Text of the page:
With his American sojourn come to an end, O’Connor has had a bit more time to think about album number four. “I had a lot of free time recently, where I could just solely work on it for a few days,” he says. “I’ve never had the chance to do that before. It’s always been half a day here or an hour there. I had been doing a PHD for the last five years so that’s finished now and, now that it’s gone, I can really devote a lot of time to making music.”
Unfortunately, having time to devote to music comes at a cost of its own and the job market here, even (or perhaps especially) for someone with O’Connor’s qualifications and experience is not exactly brimming with opportunities. “I’m in a bit of a predicament,” he says. “I came back on the promise of a job for which the funding got pulled at the last minute and I walked out of a job in San Francisco. It was a bit unfortunate because I could have got sponsorship for a residency if I stayed in San Francisco. At the same time, I had a lot of music to make when I came back and that was quite hard to do in America. I’d been playing music here for so long and there was a trip to Japan and Australia coming up so it worked out well in the end. Now that the gigs are starting to slow down and Richie is moving to Sweden next month, I have to look out for some other things. It’s pretty tough.”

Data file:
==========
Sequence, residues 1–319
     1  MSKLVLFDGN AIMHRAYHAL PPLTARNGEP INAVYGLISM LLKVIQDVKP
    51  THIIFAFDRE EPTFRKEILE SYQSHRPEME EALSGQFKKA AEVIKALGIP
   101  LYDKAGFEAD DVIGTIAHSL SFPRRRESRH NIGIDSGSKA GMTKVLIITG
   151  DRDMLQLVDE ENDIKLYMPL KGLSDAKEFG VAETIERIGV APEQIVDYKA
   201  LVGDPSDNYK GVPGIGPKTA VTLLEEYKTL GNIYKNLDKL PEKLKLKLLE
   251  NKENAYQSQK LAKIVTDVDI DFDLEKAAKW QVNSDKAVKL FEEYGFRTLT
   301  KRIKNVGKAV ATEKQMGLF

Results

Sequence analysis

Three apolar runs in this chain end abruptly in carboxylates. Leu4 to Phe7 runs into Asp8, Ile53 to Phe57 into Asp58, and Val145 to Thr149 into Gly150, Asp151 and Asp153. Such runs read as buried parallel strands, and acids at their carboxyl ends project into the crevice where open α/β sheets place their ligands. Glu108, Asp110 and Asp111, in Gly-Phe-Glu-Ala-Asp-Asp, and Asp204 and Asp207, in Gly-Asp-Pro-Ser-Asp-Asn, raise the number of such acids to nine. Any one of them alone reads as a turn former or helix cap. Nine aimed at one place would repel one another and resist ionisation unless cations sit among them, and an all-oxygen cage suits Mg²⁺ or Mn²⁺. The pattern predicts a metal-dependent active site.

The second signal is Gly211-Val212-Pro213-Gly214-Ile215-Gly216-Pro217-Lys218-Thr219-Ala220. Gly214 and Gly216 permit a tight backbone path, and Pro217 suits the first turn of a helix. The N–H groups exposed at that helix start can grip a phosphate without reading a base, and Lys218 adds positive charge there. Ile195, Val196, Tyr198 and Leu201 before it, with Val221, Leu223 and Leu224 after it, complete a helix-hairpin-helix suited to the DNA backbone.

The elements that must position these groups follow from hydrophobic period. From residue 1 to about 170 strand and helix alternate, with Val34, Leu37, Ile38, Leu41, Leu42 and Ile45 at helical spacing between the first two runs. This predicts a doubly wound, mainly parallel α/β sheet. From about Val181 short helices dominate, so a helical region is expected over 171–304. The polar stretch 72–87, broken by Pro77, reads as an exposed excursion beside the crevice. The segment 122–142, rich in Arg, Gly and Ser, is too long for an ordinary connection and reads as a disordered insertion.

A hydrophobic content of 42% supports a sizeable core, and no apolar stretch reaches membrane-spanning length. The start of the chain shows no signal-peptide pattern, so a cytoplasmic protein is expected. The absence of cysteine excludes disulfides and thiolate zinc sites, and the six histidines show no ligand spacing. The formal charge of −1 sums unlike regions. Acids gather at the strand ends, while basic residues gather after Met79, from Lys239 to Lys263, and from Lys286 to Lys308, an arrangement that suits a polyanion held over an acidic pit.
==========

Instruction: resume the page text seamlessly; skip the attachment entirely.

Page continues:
Although the lack of funds may seem like a deterrent, making recording “dangerous” according to O’Connor, it isn’t going to hold him back. In many ways it brings him back to where Somadrone started, in college in IADT, composing scores and sounds for student films. “At that time I had no money and I was buying organs for fifty pounds or keyboards for ten pounds,” he says. “It all got a little more complicated when I got gold cards and bank loans! It was pretty stupid. I’m paying for that now… Things got more finely tuned when I started doing a Masters in Trinity and I was learning all about electro-acoustic music and acoustics and music cognition, and it really started to take off. Then Fuzzing Away To Whisper came out in my first year of my Masters and you can hear the sound getting more complicated. The EP was like a degree record and Fuzzing Away was like a Masters album. Then Of Pattern And Purpose was at the very end of my Masters and Depth of Field was like my PHD album. It’s like a climbing scale of my academic career! So my next album will be my post-doctorate album!”
Somadrone plays The Unitarian Church on Saturday February 25th with Angkorwat and I Am The Cosmos.